Monthly Archives: November 2015

‘Symmetry of Memory’ – Germán Bernal

Symmetry of Memory - German Bernal

Symmetry of Memory

An artistic dialogue between the geometry of nature and materials like wood and rice paper is that which is being presented in Cero Gallery by the Bogota artist Germán Bernal (1959), in his exhibition ‘Symmetry’ of Memory.

After living for 25 years in Europe, Bernal decided to return to Colombia a few years ago, specifically to a reservation near Icononzo (Tolima), where he created a space for artist residences for those  artists interested in working with nature.

“In my work I am evoking, somehow, the memory of nature and materials. And I use geometry as a language of knowledge, “says the artist, who trained as a photographer in Workshop 5 and then continued working in Europe with video techniques and jewelry.

The exhibition presents works of medium format in which geometric figures are worked in mixed media using recycled Japanese books of poetry, history and geometry papers and paper currency, in a clear allusion to the ancient wisdom of the East.

“I’ve always been inspired by Japanese aesthetics. I think we have much to learn from them. So I started working this series with Japanese writing paper, because I think that the handwriting has great mystery and magic” notes the artist.

In his wood sculptures, made from walnut, Bernal also returns to the experience gained of being a craft jeweler during many years in Hamburg.

Not surprisingly, he defines some of his works as ‘light clocks’, inspired by the careful assembly of a jewel in large format. It is curious how they change according to the perception of the viewer. “Somehow they deal with kinetic art, this being my updated proposal in wood” he says.

In his sculpture, Bernal reflect particular concern about their movement. “They are inspired by geometry, but here is a more organic form that evokes water waves and sound,” he concludes.

Symmetry of Memory - German Bernal

Symmetry of Memory

The exhibition runs until the first of December.

Cero gallery, Calle 80 n. ° 12-55, Bogotá

Inf .: (1) 217-7698 www.cerogaleria.com

Translated from an original article in ElTiempo.com written on 22nd November 2015

Beatriz González: The World Goes Pop – Tate Modern, London

While in London visiting the Frieze exhibition I heard that the renowned Colombian artist Beatriz González had work included at “The World Goes Pop” exhibition at the Tate Modern…so I decided to go along.

The Tate Modern is generally free to enter if you want to view its collection but as this was a special show there was a £14.50 (or £16 with a donation) charge for the general public. The museum itself is located quite centrally in Southwark along the South Bank of the river Thames and is reasonably easy to reach.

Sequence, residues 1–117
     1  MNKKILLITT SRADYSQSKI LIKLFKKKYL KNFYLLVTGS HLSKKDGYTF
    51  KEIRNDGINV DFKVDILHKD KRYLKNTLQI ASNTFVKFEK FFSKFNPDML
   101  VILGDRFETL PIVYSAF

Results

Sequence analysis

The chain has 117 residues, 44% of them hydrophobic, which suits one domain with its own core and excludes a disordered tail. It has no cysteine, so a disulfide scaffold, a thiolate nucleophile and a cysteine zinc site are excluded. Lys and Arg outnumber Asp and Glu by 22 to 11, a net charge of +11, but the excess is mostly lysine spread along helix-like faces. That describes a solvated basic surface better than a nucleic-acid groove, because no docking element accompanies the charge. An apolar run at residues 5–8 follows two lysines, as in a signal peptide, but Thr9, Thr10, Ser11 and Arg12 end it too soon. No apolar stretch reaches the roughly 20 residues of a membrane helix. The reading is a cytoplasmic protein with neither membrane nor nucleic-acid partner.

The exhibition was themed around pop art and it was divided into different sections The collection was curated by Flavia Frigeri and Jessica Morgan and and I think they have done good job after spending several years looking for pop art that was not defined by its commerciality.

“It’s pop art definitely that does have a twist and very often it has a political twist to it which is something you don’t always see with your more traditional pop artists,” commented Flavia Frigeri in relation to the whole show.

Beatriz González’ work was placed into a section called folk art and although to me the works of the other artists present in that section did seem more like folk art it doesn’t seem to me to be the best fit especially given the nature of her work as actually described in the curatorial process as being of a strongly political nature.

Much of Beatriz Gonzalez’ artistic formation was born with the period known as “La Violencia” (“The Violence”) which started in 1948 when she was just 10 – an age when most of us start to become more aware of what goes on around us – and which continued through to around 1958.

What was a surprise to me, though perhaps it shouldn’t have been given the standard of the museum was that the pieces chosen to be shown are arguably her most famous/promoted works which date back to the mid 60s and early 70s and perhaps her most representative of that period….but she has done much more work since then none of which was included perhaps due to the time period over which the curators wanted to consider the creation of “pop art”.

Beatriz Gonzalez - Tate Modern